Category Archives: Cornwall

Remembering Devoran’s William Head HMS Matabele sunk 17 January 1942

Remembering Chief Stoker William Alfred Head D/K52949 Royal Navy and the crew of HMS Matabele, lost on Arctic Convoy PQ-8 when HMS Matabele was sunk by U Boat U454, 17 January 1942.

Remembered 75 years on.

One of Devoran’s many naval casualties in two world wars.

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World War 2 section, Devoran War Memorial Photo: Mark Norris

Remembered on the Devoran Village war memorial and also the Plymouth Naval War Memorial to those lost at sea.

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Chief Stoker W.A. Head’s name on the Plymouth War Memorial. (Image: Mark Norris, 2013)

Read more about William Head, his wife WI stalwart Marion Head (later Rowe) and family at: https://devoranwarmemorial.wordpress.com/2013/08/06/devoran-second-world-war-casualties-a-to-r/

Only 2 of 238 of HMS Matabele’s crew survived the freezing waters. Often convoy ships and their escorts were unable to return and search for the missing.

In January 1942 she formed the screen, with Somali, for the cruiser Trinidad on Convoy PQ-8 from Iceland to Murmansk. The convoy departed on 11 January, and came under torpedo attack on 16 January.

On 17 January Matabele was hit by a torpedo from the German submarine U-454 and sank almost immediately. Only two out her complement of 238 survived. Many who were able to leave the stricken ship succumbed in the ice-cold water before rescue was possible. The two survivors were picked up by the minesweeper Harrier. (Wikipedia entry HMS Matabele).

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HMS Matabele F26/G26 (Wikipedia / Royal Navy image source public domain) Some of the Carley float life rafts  that were frozen fast can be seen midships. 

https://en.m.wikipedia.org/wiki/HMS_Matabele_(F26)

William Head’s name features amongst the crew and casualty list for HMS Matabele on uboat.net  (based on The Times Casualty List,  9 March 1942.)

http://www.uboat.net/allies/merchants/crews/person/15190.html based on his CWGC entry.

http://www.uboat.net/allies/merchants/crews/ship1257.html

Read their names so that they are not forgotten.

Arctic Convoy PQ8 and HMS Matabele

For more about the otherwise successful Convoy PQ8 (1 merchant ship SS Harmatris damaged, 1 escort HMS Matabele lost), read Arctic Convoy PQ8: The Story of Capt Robert Brundle and the SS Harmatris by Michael Wadsworth (Pen and Sword, 2009).

https://en.m.wikipedia.org/wiki/Convoy_PQ_8

At 22.21 hours on 17 January 1942 HMS Matabele (G 26) (Cdr A.C. Stanford, DSC, RN), escorting convoy PQ-8, was hit by one torpedo from U-454 in the stern, which caused her magazines to blow up and the ship sank within two minutes off Kola Inlet. The survivors were unable to release the Carley floats because they were frozen in their lashings and had to jump overboard. Some of them were killed when the depth charges of the sinking destroyer detonated, but the most died of hypothermia in the icy water before they could be rescued.

Only two of the four men picked up by HMS Harrier (J 71) survived.

The U-boat had reported an earlier hit on a destroyer at 18.54 hours and a previous shot that missed. All attacks were probably against the same destroyer. (Source Uboat.net entry, HMS Matabele).

http://www.naval-history.net/xGM-Chrono-10DD-34Tribal-Matabele.htm

http://www.bbc.co.uk/history/ww2peopleswar/stories/88/a2737488.shtml is a personal testimonial from a crew of one of the fellow Convoy PQ8 ships.

http://www.halcyon-class.co.uk/harrier/harrier_1942.htm has accounts from sailors who picked up the two survivors Bill Burras and Ernie Higgins. One source quoted suggests that about 60 crew made it off the HMS Matabele alive, despite the explosions and ship sinking in a couple of minutes but died in the freezing sea.

Remembering the crew and families of HMS Matabele and the men of the Russian / Arctic Convoys, 75 years on from 17 January 1942.

Several more of the crew casualties were from Plymouth and Devon, Devonport being the ship’s manning port, and some from Cornwall such as Albert Victor Brown of Mullion, Edward Lyndon Curnow of Goldsithney, William Doidge of Trerulefoot, Leading Stoker Leslie Oliver of Polperro, Leading Telegraphist Douglas Roscorla of Newlyn, Delmore Truran of Porthleve and Albert Wade of Lerryn. All West Country men whom Chief Stoker William Head might have known well.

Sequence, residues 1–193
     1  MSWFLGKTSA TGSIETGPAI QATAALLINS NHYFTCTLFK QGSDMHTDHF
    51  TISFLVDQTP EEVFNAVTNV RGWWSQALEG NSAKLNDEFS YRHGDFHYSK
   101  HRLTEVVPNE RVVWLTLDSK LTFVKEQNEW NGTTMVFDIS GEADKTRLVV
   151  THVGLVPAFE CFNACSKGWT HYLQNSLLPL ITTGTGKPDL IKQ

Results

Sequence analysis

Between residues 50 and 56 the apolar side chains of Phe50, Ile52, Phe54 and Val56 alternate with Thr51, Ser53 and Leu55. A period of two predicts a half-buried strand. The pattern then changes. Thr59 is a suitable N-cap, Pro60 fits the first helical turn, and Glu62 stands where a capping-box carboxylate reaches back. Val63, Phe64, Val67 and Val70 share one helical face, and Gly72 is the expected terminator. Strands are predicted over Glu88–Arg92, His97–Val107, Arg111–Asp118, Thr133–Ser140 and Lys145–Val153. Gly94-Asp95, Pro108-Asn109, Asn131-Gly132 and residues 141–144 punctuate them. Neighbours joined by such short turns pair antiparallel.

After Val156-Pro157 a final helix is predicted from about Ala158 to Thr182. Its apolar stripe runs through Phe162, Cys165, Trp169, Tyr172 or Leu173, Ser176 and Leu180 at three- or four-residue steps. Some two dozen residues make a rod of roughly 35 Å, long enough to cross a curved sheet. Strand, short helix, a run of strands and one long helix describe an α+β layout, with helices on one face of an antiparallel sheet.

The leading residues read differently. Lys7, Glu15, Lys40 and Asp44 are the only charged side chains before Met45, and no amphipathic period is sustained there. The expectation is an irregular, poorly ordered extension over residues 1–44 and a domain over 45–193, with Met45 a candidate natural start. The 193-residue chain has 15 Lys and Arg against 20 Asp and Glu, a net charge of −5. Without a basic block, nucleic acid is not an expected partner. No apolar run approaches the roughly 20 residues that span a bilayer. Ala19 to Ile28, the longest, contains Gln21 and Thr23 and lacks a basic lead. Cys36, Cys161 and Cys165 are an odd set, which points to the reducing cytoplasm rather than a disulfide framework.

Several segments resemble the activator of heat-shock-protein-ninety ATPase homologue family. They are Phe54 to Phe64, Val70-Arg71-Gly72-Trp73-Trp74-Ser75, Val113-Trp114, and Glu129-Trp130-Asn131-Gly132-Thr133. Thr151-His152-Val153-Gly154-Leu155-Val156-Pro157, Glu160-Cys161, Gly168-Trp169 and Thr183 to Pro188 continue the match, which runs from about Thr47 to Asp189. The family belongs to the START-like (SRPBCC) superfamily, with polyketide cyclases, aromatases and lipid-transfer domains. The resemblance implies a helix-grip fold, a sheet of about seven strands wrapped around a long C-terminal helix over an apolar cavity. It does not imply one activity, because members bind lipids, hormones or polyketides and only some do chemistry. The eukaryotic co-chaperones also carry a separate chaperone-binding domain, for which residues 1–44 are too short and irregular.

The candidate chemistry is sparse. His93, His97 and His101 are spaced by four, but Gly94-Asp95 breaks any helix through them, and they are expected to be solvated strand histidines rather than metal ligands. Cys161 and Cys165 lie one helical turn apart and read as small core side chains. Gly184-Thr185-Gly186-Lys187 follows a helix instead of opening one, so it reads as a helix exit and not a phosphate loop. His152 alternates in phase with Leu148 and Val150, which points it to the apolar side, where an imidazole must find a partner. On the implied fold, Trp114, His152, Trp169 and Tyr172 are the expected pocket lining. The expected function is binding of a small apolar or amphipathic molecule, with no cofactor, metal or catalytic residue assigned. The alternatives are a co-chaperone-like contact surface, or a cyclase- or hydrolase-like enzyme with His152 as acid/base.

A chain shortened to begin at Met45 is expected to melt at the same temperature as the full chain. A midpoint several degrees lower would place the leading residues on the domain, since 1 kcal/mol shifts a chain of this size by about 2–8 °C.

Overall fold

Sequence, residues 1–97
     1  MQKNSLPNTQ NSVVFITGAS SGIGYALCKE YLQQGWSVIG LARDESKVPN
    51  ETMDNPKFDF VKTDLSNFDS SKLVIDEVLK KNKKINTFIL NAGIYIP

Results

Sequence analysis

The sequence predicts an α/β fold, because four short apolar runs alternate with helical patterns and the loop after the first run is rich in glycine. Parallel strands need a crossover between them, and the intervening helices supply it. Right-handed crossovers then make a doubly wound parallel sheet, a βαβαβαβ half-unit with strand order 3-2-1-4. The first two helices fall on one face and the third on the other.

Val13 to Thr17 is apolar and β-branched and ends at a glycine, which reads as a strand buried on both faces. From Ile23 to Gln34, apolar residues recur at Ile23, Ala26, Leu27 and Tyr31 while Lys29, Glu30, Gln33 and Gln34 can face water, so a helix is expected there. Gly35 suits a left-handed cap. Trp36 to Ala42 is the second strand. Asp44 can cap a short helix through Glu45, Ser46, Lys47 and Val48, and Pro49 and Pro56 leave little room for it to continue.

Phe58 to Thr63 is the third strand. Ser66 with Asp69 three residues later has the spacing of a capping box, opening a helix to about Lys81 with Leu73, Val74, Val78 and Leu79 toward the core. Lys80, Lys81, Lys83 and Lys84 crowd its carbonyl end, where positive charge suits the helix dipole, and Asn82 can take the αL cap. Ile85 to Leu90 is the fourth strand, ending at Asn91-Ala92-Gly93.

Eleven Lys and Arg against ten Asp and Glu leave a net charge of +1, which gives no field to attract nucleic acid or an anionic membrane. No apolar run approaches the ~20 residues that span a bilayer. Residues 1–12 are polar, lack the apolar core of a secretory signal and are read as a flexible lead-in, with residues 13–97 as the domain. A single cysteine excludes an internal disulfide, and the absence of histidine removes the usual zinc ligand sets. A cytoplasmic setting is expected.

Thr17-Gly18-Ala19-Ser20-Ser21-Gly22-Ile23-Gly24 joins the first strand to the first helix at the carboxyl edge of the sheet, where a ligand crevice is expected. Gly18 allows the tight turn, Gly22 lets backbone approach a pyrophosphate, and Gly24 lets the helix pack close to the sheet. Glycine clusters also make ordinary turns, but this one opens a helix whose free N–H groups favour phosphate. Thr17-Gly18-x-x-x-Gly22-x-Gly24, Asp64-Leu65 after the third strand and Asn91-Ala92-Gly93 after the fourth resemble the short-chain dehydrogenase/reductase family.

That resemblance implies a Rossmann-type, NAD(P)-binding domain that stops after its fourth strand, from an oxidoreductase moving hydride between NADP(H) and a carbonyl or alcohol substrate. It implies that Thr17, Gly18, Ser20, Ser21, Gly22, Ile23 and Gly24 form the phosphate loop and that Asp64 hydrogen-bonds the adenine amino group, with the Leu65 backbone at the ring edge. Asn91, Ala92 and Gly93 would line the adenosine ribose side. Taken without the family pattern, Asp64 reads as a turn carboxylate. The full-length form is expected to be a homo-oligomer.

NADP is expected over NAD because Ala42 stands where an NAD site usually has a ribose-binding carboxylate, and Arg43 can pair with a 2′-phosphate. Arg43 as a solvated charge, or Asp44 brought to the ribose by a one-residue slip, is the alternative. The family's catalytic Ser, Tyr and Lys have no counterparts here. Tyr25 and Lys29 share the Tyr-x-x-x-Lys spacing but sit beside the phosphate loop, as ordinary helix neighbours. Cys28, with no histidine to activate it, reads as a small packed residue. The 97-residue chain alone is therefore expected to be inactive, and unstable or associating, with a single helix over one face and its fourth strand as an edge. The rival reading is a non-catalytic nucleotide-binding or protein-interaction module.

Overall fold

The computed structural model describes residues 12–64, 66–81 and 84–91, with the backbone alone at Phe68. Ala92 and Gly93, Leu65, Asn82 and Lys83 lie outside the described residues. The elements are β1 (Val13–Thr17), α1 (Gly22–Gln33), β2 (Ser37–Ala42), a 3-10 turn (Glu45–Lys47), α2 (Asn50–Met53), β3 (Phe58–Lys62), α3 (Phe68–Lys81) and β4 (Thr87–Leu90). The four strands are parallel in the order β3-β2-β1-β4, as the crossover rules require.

Remembering also the supportive wartime villagers  of Devoran who looked after the grieving families of Devoran’s wartime casulaties. 

Blogposted by Mark Norris on behalf of Devoran War Memorial project, 17 January 2017.

 

 

 

 

Remembering Joseph William Toms and HMS Galatea 14 December 1941

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J.W. Toms’ name listed on the Plymouth Naval Memorial. Image, Mark Norris, 2013

Able Seaman Joseph William Toms, D/SSX17063 Royal Navy, died onboard HMS Galatea on 15 December 1941, aged 23. He is commemorated at panel 48, column 3 Plymouth Naval Memorial. He has no known grave.

He was the son of Harry and Mary Toms; husband of Ruby Louvain Toms (nee Peachey), of Truro, Cornwall.

https://devoranwarmemorial.wordpress.com/2013/08/06/devoran-second-world-war-casualties-s-to-z/

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World War 2 section, Devoran War Memorial Photo: Mark Norris

HMS Galatea website

http://www.yourtotalevent.com/events/galatea.htm

Jean Strange and family have compiled this extensive website about the crew (including one of her relatives).

More can be found on this Wikipedia site:

https://en.wikipedia.org/wiki/HMS_Galatea_(71)

The crew, survivors and their families of HMS Galatea, 14 / 15 December 1941,  remembered 75 years later, .

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HMS Galatea (Wikipedia source)

 

The crew of the German U boat U557 which sank HMS Galatea were lost two days later on 16 December 1941.

Posted by Mark Norris, Devoran War Memorial project, Cornwall.

Zeppelins, air raids and Cornwall

We are familiar with wartime blackout in World War 2.

However here is an interesting snippet in the West Briton on 21st September 1916 …

Zeppelins  – The Lighting Order Prosecutions at Falmouth

Several persons were summoned at Falmouth on Thursday for failing to screen lights …

Exemption has been granted to Falmouth Gas Works , Cox’s works on the Docks and Messrs. Visick’s of Devoran

Military Authorities  had exempted the Castle, The Hornwork and Trevethan Camp. Steps were being  taken to screen lights at the naval and military hospitals.

By late 1916, Zeppelins were being replaced by long distance German Gotha bombers.

Posted by Mark Norris, Devoran War Memorial Project